Nick Carver Photography Blog

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Hummingbird Chicks

A little while back, a hummingbird started building a nest just outside the window of my brother's home office. Soon enough, she laid 2 eggs. Soon enough after that, those eggs hatched. Now, those 2 chicks barely fit into the nest.

Hummingbird Chicks
The two nicely-camouflaged chicks wait patiently for mom to return with food.

I went over today with the intention of capturing some shots of the mother bird feeding her young. I'm happy to say it was a success, but there were some barriers to overcome that resulted in images a little lower quality than I'm used to.

First of all, I had to shoot through the window - a dirty window at that. This meant a loss of sharpness and contrast. Next, the light was dim. That meant I'd have to boost the ISO to an uncomfortably high level - 1600 - just to get a shutter of 1/200. And finally, the window prevented me from getting close enough to fill my frame, so I'd have to crop pretty heavily to get the shot I wanted.

All of this ultimately amounted to images that are far grainier than I care for, but I can't complain. This was a rare opportunity to photograph a hummingbird feeding her young...and from the comfort of the indoors where I could shoot the breeze with my brother in between shots.

Hummingbird Feeding Her Young

With a little bit of online research, I'm almost certain this species is the Broad-Tailed Hummingbird (selasphorus platycercus). The coloring matches and it certainly did have a broad tail.


Well, I got some new pictures of hummingbirds for you guys.

...that's right, hummingbirds.

I had a private student this morning in Laguna Beach and during the lesson, he snapped some amazing pictures of hummingbirds while I stood by to lend my expertise. There were tons of them! It was the first sunny day we've had in awhile here in So Cal and I think they were out in droves gorging themselves after fasting through the days of rain.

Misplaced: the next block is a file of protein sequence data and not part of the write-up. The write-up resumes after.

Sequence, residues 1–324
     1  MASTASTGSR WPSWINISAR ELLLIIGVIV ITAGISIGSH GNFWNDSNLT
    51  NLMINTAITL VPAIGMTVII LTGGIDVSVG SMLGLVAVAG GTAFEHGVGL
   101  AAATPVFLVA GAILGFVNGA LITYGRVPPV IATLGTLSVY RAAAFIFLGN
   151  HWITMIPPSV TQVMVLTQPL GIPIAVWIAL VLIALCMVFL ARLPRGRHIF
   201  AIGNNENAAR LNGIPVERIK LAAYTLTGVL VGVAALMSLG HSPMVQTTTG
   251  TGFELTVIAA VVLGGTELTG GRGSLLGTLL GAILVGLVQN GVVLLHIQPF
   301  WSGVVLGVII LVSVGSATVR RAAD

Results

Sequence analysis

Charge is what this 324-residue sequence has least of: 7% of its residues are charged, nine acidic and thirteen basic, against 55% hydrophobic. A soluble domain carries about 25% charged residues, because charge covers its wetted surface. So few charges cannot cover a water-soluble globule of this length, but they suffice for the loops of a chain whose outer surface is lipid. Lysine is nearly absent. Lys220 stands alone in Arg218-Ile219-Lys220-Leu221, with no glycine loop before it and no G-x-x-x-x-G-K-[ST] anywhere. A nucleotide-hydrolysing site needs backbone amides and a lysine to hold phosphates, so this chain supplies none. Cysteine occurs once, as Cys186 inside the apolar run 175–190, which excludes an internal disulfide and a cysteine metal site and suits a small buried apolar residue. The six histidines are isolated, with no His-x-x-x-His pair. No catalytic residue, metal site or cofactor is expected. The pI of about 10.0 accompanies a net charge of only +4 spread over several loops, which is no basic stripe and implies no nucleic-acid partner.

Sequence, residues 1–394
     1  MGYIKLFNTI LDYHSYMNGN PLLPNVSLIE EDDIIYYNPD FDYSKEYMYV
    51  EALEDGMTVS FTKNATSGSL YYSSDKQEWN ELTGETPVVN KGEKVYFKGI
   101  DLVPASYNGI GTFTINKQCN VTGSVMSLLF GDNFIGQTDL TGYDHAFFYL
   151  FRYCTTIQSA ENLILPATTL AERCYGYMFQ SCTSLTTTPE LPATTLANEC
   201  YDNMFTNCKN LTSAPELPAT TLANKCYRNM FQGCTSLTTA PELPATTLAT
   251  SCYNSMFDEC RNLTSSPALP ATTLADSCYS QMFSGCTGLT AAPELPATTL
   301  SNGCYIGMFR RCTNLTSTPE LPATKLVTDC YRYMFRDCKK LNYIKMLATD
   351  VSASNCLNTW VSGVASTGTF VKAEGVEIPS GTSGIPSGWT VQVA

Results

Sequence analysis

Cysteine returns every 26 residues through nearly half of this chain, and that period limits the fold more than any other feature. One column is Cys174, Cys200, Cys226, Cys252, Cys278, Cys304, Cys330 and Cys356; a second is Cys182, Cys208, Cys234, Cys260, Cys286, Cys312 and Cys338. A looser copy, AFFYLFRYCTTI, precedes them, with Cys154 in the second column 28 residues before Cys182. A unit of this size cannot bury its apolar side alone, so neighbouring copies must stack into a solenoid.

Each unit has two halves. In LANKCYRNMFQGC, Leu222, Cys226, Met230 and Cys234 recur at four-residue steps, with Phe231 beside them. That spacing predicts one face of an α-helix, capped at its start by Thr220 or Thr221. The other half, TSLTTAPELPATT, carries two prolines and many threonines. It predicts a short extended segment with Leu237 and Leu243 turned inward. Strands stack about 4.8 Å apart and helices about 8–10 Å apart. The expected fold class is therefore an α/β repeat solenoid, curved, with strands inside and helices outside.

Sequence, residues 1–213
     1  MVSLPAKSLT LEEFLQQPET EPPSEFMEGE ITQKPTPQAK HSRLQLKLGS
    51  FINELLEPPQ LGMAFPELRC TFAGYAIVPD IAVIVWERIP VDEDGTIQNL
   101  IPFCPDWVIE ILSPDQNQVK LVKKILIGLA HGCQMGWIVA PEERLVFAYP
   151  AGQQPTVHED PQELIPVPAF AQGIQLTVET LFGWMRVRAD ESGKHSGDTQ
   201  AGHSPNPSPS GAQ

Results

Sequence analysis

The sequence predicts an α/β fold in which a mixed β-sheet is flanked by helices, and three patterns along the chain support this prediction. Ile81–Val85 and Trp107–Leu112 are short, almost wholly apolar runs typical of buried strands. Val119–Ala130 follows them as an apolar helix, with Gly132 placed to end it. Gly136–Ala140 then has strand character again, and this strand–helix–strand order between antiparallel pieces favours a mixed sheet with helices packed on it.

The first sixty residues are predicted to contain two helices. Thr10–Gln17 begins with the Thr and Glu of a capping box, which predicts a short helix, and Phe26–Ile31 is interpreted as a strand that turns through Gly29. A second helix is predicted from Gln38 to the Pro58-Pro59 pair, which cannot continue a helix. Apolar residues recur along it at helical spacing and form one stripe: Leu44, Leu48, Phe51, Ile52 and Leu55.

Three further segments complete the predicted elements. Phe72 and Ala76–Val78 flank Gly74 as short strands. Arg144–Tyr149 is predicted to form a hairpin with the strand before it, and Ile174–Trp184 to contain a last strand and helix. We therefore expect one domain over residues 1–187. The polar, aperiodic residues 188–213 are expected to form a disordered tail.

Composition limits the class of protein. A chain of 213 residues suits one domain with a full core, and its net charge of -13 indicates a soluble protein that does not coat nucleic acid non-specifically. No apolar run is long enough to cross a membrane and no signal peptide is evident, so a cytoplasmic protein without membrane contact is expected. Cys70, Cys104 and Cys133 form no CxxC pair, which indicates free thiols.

I had some time to kill after the lesson before my next student's appointment, so I thought I'd try my hand at photographing some hummingbirds myself. I haven't done wildlife in awhile and I definitely don't consider myself a wildlife photographer, but his shots got me all jazzed up to break out the telephoto. One of the perks of being a photography teacher: inspiration from my students.

Best I can tell from some online research, the hummingbirds I had in my sights were Allen's Hummingbirds (selasphorus sasin). The coloring on the males is absolutely stunning. The iridescent copper coloring on their throats glowed like a beacon in the daylight. It would even shift to a rich, red color depending on how the light hit is. Beautiful contrast with the green on their backs and white on their chests.

I thought this above shot was kind of funny with him looking right at me, but it also shows his color the best.

Compare the coloring of the male above to the female below.

Hummingbirds are tough to photograph because they move so quickly. The good thing about them, though, is that they are pretty fearless. I guess knowing you're the fastest gun in the west can make you pretty confident. This fearlessness means I could get pretty damn close to them with my 200mm lens without scaring them off. The auto focus on my 5D (mark I) is pathetic, so I ended up manually focusing for most of the shots. Worked much better than I thought it would...

So there you have it! Thanks for stopping by!